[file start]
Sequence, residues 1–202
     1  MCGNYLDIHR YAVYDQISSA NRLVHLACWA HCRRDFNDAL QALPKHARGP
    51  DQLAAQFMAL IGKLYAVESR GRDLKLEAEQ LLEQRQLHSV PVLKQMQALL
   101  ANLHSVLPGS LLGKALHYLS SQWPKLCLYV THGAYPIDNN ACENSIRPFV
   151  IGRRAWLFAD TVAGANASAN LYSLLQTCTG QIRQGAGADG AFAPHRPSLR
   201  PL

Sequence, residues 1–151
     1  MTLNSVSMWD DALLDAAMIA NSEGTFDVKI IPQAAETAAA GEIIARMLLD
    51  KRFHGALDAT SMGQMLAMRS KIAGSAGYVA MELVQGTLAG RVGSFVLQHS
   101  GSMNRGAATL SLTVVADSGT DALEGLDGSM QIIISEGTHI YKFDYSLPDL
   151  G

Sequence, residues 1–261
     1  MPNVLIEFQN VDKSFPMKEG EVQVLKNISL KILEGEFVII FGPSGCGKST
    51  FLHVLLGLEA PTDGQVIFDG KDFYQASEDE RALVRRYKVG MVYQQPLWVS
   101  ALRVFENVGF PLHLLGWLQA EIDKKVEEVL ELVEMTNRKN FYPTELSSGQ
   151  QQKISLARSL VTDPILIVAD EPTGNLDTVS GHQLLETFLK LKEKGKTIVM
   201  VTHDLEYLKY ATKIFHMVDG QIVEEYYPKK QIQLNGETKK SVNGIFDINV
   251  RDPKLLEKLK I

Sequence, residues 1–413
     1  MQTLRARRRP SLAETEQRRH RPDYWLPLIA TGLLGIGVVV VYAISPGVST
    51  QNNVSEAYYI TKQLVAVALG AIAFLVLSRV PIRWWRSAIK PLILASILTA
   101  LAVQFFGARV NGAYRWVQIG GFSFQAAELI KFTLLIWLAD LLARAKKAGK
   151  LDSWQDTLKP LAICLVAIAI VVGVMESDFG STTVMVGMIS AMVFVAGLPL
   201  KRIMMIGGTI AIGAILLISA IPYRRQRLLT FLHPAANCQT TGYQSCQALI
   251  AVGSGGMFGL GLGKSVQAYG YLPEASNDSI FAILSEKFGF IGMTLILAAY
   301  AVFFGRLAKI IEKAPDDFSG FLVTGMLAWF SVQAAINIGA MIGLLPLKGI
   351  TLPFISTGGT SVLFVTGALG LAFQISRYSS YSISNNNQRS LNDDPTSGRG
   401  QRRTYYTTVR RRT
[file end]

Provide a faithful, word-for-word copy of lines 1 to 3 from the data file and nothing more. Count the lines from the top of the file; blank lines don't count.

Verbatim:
Sequence, residues 1–202
     1  MCGNYLDIHR YAVYDQISSA NRLVHLACWA HCRRDFNDAL QALPKHARGP
    51  DQLAAQFMAL IGKLYAVESR GRDLKLEAEQ LLEQRQLHSV PVLKQMQALL